Mateusz Piskorski

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Mateusz Piskorski
Mateusz Piskorski Axis for Peace 2005-11-18.jpg
member of Sejm 2005-2007
In office
September 25, 2005 – November 4, 2007
Personal details
Born (1977-05-18) May 18, 1977 (age 42)
Szczecin, Poland
Political partyZmiana

Mateusz Andrzej Piskorski (born 18 May 1977, in Szczecin) is a Polish political neo-Eurasian activist, and publicist, as well as a proponent of what he calls the "De-Americanization of the European continent" and "strategic shift of Europe's allies from the West to Russia" ("Europe from Lisbon to Vladivostok"). In 2016 he was arrested by the ABW (Internal Security Agency) and accused of being a spy working for the Russian and Chinese secret services [17].

Education and professional work[edit]

In 2001, he graduated in Political Science at the University of Szczecin. In January 2011 he received his doctorate at the Faculty of Political Science and Journalism of Adam Mickiewicz University in Poznan. His doctoral dissertation was titled "Samoobrona in Polish political party system".[citation needed]

In 2002 he was employed as a lecturer at the University of Szczecin.[citation needed] He worked there until 2005 He also lectured at the Collegium Balticum and the High School of Pedagogy in Szczecin. In 2007 he returned to work at the University of Szczecin.[citation needed] In 2008 he was elected a president of the "Society for Polish-Venezuelan Partnership".[citation needed] He also became the president of the board of Nord Media Press and worked at polish NBC.[citation needed] From December 2009 to December 2010 was deputy director of Polish Radio Euro.[citation needed] He was a lecturer at the Jan Długosz University in Czestochowa.[citation needed]

Piskorski was a co-founder in 2007 of the European Center of Geopolitical Analysis (Europejskie Centrum Analiz Geopolitycznych - ECAG), a pro-Eurasianism Polish thinktank dealing with issues of geopolitics.[1] It publishes books, organizes conferences and runs portal His texts were published among others in the Polityka Narodowa, Obywatel, Myśl Polska and Myś[citation needed]

Political activity[edit]

As a student, Piskorski joined the Polish People's Party.[citation needed] He was also active in various societies promoting the idea of pan-Slavism.[citation needed] He was an activist of the far right Pagan "NIKLOT" society[2] and worked in various organizations of the popular-patriotic profile, such as the National-Democratic Party.[citation needed] A big impact on his political activities was the ideas of Polish political philosopher Jan Stachniuk (leader of the pre-war society "Zadruga"). Those ideas combine on the one hand passionate patriotism, and on the other consequent anti-capitalism and anti-globalism. In 2000, he travelled to Russia at the invitation of Pavel Tulaev to meet with other far right and pan-Slavic activists there.[3] He maintains close contacts with continentalists from all over Europe who consistently argue for "de-Americanisation of the Old Continent" and for the construction of Euro-continental cooperation "from Lisbon to Vladivostok".[citation needed]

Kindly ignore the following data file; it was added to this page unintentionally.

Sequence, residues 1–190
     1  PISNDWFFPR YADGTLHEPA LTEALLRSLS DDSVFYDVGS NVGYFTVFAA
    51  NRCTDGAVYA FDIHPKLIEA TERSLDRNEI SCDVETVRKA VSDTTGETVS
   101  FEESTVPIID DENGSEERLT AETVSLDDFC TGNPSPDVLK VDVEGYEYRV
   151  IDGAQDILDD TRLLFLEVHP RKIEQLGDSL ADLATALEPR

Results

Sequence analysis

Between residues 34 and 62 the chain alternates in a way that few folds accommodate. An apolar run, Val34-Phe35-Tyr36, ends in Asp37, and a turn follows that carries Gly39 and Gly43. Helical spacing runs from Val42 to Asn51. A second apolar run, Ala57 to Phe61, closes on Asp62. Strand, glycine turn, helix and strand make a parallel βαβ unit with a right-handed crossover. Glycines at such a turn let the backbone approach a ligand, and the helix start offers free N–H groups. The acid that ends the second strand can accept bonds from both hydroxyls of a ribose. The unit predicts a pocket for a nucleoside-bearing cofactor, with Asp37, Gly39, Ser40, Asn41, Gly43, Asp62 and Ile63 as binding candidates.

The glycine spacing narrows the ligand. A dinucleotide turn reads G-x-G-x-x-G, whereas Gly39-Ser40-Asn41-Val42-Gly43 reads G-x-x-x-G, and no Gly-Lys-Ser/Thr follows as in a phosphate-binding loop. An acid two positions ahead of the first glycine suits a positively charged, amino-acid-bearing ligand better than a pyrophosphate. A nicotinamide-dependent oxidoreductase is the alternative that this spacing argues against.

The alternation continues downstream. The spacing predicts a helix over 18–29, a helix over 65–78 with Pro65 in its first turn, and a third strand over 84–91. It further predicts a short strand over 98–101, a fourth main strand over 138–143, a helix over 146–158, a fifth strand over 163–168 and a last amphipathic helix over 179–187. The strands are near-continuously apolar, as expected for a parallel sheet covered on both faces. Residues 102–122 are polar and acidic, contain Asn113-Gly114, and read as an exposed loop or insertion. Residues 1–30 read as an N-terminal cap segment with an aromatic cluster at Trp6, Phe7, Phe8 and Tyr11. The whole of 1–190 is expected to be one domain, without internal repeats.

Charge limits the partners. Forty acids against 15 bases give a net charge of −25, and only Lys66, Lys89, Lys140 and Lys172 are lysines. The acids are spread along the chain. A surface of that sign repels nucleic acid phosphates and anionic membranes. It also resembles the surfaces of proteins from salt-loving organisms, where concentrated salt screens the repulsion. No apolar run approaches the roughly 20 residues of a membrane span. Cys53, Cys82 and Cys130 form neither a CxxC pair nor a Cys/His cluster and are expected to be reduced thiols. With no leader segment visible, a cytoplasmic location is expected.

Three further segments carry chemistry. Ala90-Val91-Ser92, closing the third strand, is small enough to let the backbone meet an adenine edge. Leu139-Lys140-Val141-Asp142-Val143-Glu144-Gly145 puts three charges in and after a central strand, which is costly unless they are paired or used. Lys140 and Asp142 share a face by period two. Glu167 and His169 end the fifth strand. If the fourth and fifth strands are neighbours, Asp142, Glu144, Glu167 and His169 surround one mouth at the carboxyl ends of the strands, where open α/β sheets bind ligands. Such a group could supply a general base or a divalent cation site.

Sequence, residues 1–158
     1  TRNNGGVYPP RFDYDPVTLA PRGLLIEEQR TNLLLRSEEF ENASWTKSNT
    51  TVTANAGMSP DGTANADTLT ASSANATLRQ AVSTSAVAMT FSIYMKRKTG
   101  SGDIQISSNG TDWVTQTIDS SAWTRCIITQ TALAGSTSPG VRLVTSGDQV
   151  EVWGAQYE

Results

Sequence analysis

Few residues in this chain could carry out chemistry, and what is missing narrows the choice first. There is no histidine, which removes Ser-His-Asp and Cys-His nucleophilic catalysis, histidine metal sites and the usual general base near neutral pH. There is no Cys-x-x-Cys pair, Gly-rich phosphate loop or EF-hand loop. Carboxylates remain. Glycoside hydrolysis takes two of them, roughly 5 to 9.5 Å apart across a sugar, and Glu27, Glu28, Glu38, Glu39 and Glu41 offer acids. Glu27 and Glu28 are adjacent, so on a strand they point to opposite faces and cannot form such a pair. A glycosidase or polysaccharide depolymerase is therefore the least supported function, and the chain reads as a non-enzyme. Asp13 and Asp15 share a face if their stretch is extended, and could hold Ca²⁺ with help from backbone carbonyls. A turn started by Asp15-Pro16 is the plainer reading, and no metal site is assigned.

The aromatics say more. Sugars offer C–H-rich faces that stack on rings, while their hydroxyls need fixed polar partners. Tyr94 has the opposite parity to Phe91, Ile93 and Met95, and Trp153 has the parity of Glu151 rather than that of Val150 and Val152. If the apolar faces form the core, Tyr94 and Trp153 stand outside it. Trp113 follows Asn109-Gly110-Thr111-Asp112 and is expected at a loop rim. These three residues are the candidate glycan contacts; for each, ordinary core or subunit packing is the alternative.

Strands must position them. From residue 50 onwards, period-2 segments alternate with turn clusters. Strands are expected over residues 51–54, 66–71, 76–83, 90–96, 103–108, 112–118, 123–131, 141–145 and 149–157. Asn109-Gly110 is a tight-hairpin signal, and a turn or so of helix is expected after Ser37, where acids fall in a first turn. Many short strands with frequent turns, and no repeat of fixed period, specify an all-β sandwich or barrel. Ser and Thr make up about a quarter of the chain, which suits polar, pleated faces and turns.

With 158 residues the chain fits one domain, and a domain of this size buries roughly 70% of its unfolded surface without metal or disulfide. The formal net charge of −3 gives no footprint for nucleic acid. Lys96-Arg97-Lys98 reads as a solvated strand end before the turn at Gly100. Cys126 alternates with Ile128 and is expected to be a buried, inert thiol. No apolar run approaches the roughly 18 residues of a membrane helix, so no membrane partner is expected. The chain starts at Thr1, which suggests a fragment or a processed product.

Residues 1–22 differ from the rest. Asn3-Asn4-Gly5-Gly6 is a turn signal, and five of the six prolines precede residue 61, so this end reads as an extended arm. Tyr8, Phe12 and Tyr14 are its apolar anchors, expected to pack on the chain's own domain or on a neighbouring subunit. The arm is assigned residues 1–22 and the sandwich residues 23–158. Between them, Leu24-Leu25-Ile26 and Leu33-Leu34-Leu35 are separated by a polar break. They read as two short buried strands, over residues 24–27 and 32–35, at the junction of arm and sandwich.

In 2000 Piskorski quit the People's Party and in 2002 joined the Self-Defence of the Republic of Poland party to become the assistant to Member of Parliament Jan Łączny. He quit his PhD in 2005 to devote himself to politics.[citation needed] In 2005 he also became one of principal members of Andrzej Lepper's electoral committee during the Polish 2005 presidential election.[citation needed]

In the Polish 2005 parliamentary election, Piskorski successfully ran for the Sejm from the Szczecin constituency. As a deputy he was a vice-chairman of the Reprivatization Committee and worked in the Foreign Affairs Committee and the Statutory Committee. He also represented Polish Parliament in the Assembly of Western European Union. The following year he also ran for president of Szczecin in the 2006 local elections, but withdrew before the elections and supported a Law and Justice candidate instead.[4] He failed to defend his seat in the Polish 2007 parliamentary election and failed to return to the parliament in the 2011 parliamentary election (this time running as a candidate of Polish Labour Party (Sierpień 80)).[5]